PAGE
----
Weather Forecast


Two years after two tornadoes

Photo by Rachelle Klemme Rick Johnson of Wadena watches his granddaughter Izzy Johnson draw and cut paper at their new home. Rick and Gail Johnson rebuilt after the Wadena tornado totaled their original house. Two years later, they no longer see summer storms the same way.1 / 2
Photo by Rachelle Klemme Farmer Jim Maloney of rural Deer Creek shows a tree stump impaled by about four inches of roofing steel from the June 17, 2010 storms. He said is saving the stump for his great-grandchildren. He and his wife Sandy had a new house to move into before Christmas 2010, but two years after the East Otter Tail tornado, there is still some cleanup work on the property left and damage to farm equipment.2 / 2

Two years ago, twin EF4 tornadoes devastated Wadena and the rural areas of east Otter Tail County. Two years later, the survivors continue to move on with their lives.

Rick and Gail Johnson of Wadena and Jim and Sandy Maloney of rural Deer Creek both had their houses totaled and moved from the foundations when the tornadoes hit June 17, 2010.

Both couples were living in their new houses in December of that same year. But after that big hurdle was crossed, some effects of the tornadoes two years ago were still left.

Jim Maloney does not see storms the same way.

"It gets easier as time goes on, but you're always on the lookout," he said. "You keep an eye on the sky."

This past Sunday night saw thunderstorms in the area.

Gail Johnson said she looked at her husband and asked, "You don't think it could come again...?" He replied that he didn't think so.

"If it does, I'm not coming back," Rick Johnson said in the interview.

Gail Johnson said positive things came from the aftermath of the tornado, but she still wished she hadn't gone through it.

The East Otter Tail tornado was the first to hit the afternoon of June 17, 2010. Jim and Sandy Maloney went to the basement as the EF4 twister moved the house from its foundation.

When the Wadena tornado hit, it was close to 5 p.m. as many people were ready to be done with work. Gail Johnson, a day care provider, took shelter in the basement along with her husband, a few children and the father of one of the day care kids.

The tornado displaced many people and created a housing crunch.

"We're homeless!" Gail Johnson recalled thinking at first.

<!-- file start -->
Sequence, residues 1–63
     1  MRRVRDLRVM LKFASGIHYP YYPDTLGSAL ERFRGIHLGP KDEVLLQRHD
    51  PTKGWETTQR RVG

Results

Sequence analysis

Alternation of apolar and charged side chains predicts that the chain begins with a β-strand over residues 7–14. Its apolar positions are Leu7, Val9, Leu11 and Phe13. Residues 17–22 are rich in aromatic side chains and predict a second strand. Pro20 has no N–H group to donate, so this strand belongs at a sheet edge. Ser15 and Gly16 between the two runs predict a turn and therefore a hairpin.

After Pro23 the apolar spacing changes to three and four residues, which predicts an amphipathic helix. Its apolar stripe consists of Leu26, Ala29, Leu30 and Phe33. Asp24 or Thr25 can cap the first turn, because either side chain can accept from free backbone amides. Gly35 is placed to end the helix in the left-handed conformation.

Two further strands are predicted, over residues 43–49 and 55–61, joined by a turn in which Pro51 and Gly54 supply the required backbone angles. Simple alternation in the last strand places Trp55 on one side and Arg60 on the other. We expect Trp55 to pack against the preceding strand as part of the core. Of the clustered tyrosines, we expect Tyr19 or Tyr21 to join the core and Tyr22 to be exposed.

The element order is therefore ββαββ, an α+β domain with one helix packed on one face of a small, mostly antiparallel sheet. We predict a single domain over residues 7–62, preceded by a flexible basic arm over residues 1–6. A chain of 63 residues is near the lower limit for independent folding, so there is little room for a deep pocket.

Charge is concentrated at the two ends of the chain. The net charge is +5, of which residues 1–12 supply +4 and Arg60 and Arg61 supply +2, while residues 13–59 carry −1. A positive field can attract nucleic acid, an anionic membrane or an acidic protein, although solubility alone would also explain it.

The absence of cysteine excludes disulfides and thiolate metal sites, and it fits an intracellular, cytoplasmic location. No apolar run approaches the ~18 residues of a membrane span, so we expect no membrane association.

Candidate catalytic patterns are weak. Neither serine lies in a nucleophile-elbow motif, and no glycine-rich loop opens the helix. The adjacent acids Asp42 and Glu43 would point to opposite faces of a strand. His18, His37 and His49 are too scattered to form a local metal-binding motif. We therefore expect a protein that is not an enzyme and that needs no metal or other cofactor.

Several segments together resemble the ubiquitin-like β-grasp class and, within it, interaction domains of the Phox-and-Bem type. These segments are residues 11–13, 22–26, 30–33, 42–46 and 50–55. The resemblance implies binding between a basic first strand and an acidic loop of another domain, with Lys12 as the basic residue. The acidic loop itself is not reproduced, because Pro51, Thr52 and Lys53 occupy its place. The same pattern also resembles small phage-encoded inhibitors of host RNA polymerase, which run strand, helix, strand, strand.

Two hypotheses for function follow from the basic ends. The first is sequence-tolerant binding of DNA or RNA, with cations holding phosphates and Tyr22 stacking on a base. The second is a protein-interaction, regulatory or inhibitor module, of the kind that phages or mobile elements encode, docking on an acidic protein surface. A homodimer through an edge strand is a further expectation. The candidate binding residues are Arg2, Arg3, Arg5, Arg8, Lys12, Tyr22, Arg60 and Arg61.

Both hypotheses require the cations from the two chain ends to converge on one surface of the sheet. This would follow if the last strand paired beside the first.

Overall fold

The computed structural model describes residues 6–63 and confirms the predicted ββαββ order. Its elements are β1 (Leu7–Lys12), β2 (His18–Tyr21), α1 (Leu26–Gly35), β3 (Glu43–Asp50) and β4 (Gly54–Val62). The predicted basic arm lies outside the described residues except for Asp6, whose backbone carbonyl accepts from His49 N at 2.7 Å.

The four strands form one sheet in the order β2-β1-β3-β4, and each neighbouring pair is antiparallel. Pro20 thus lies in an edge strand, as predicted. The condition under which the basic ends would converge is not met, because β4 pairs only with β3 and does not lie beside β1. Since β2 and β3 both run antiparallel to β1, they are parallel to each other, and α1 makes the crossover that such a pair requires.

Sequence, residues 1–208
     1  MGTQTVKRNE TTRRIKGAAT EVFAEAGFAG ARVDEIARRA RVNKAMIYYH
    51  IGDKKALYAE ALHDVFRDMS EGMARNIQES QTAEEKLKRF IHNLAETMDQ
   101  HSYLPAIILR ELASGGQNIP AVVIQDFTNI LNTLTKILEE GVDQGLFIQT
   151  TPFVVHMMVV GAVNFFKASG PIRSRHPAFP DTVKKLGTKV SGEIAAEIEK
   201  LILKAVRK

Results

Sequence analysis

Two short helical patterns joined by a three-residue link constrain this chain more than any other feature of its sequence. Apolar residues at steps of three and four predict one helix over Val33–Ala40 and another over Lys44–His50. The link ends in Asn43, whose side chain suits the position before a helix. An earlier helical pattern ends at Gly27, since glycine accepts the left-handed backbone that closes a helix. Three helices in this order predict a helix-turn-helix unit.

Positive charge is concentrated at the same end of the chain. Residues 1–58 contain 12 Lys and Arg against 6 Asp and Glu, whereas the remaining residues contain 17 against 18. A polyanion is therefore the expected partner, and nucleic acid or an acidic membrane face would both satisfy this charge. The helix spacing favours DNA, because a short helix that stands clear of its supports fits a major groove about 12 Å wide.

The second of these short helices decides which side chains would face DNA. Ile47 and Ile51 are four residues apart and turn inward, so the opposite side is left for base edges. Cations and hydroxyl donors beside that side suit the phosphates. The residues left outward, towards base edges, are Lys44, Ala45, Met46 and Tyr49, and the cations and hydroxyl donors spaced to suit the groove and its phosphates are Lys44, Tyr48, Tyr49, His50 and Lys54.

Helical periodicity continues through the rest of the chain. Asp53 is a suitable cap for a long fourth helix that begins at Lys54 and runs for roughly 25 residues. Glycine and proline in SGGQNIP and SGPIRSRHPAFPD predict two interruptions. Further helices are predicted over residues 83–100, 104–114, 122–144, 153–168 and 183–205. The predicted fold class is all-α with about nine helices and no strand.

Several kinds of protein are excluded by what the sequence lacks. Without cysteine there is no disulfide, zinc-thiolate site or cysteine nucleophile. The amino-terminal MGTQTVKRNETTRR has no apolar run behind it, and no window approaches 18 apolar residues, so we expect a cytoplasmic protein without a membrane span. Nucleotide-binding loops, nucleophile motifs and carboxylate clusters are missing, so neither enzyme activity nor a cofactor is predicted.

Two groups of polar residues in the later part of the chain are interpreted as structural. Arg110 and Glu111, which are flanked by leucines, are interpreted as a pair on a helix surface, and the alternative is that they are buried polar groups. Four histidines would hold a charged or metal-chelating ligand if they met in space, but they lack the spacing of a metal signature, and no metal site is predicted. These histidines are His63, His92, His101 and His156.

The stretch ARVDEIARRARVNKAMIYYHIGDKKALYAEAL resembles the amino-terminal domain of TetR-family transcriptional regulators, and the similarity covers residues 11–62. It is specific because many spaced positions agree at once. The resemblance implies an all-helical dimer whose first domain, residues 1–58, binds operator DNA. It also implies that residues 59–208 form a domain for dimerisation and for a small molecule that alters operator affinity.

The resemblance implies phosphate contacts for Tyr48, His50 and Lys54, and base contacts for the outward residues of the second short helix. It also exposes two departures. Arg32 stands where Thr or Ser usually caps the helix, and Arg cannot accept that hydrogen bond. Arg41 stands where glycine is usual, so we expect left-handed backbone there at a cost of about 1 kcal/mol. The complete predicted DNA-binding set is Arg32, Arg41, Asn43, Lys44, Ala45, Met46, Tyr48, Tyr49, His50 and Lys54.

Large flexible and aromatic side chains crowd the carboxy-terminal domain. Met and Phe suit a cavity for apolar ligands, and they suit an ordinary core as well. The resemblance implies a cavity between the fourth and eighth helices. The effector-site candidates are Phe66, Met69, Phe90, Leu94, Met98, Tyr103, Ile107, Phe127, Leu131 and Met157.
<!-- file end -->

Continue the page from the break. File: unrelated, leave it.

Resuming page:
However, families they knew through day care helped them with housing in the days afterward.

Sue and Scott Lind took the Johnsons into their home the first week while they were on vacation.

Afterward, Dr. Chris and Sarah O'Kane offered their home to the Johnsons while they themselves moved out to their lake property.

Meanwhile, Mark Stone Construction worked on the Johnsons' new house, and M&W Construction and Cabinets worked on the Maloneys' new house while the Maloneys themselves slept in their camper.

The Johnsons moved into their new and bigger home in December 2010, and had a house blessing with their church.

The Maloneys moved into their new home the same month, in time to have a family Christmas there.

The Maloneys said they were thankful for all the volunteer help they received in the first year after the tornado.

"There were an awful lot of very nice people out there that helped us a lot," Sandy said.

The Johnsons had acquaintances from all over the place stop in and asking if they needed any help.

On the Maloneys' agricultural property, the tornado destroyed or damaged more than just the house.

Jim Maloney said they have replaced some - but not all - of their farm buildings.

Some trees are still left to be taken care of.

"There's been an awful lot of cleanup. We're still not quite done yet," he said. "We've made good progress."

While some trees are looking better, others are dead and need to be taken down. He said they expect to get the woods cleaned up in about another two years.

Sandy Maloney said they planted many trees this spring.

"We've had a lot of grandkids out here helping us which is very nice," she said.

Also, extensive repairs had to be done on the farm's equipment and machinery.

"We've still got a few pieces of equipment that we've found are damaged," Jim Maloney said.

While some damage was obvious right away, he said, there were times when the machinery looked fine on the surface but turned out to have storm damage once he actually had to use it.

In Wadena, the Johnsons still have belongings from their old house to go through - and not everything came back in one piece.

Gail has an old antique clock, but after the tornado, she couldn't find the pendulum.

"Doesn't work without it," she said.

Like the Maloneys, the Johnsons lost trees and have been in the process of replanting and replacing them.

"We've been doing that little by little," Gail Johnson said. "We sure miss them because we have so much wind."

They lost their cars and their boat and have since replaced them.

"Sometimes you wonder if you've replaced them right," Rick Johnson said.

The new house took some getting used to even though it worked out well.

"I miss the other house. That was a good house," Rick Johnson said.

"It was smaller. This is much larger," Gail Johnson said.

From their new house now, they can see the school as it is being rebuilt.

The Johnsons and Maloneys continued to live on their same property, but not everyone else did.

Both Wadena and rural Otter Tail County saw people packing up and leaving in the aftermath of the tornado.

"The neighborhood changed," Rick Johnson said. "We lost neighbors, got new ones."

"We had a couple that lived across the road. All that was left standing on their farm was the house, but that was badly damaged. They took their insurance check, and they left. They only lived here about a year," Jim Maloney said. "They were so devastated, they didn't want no more of it."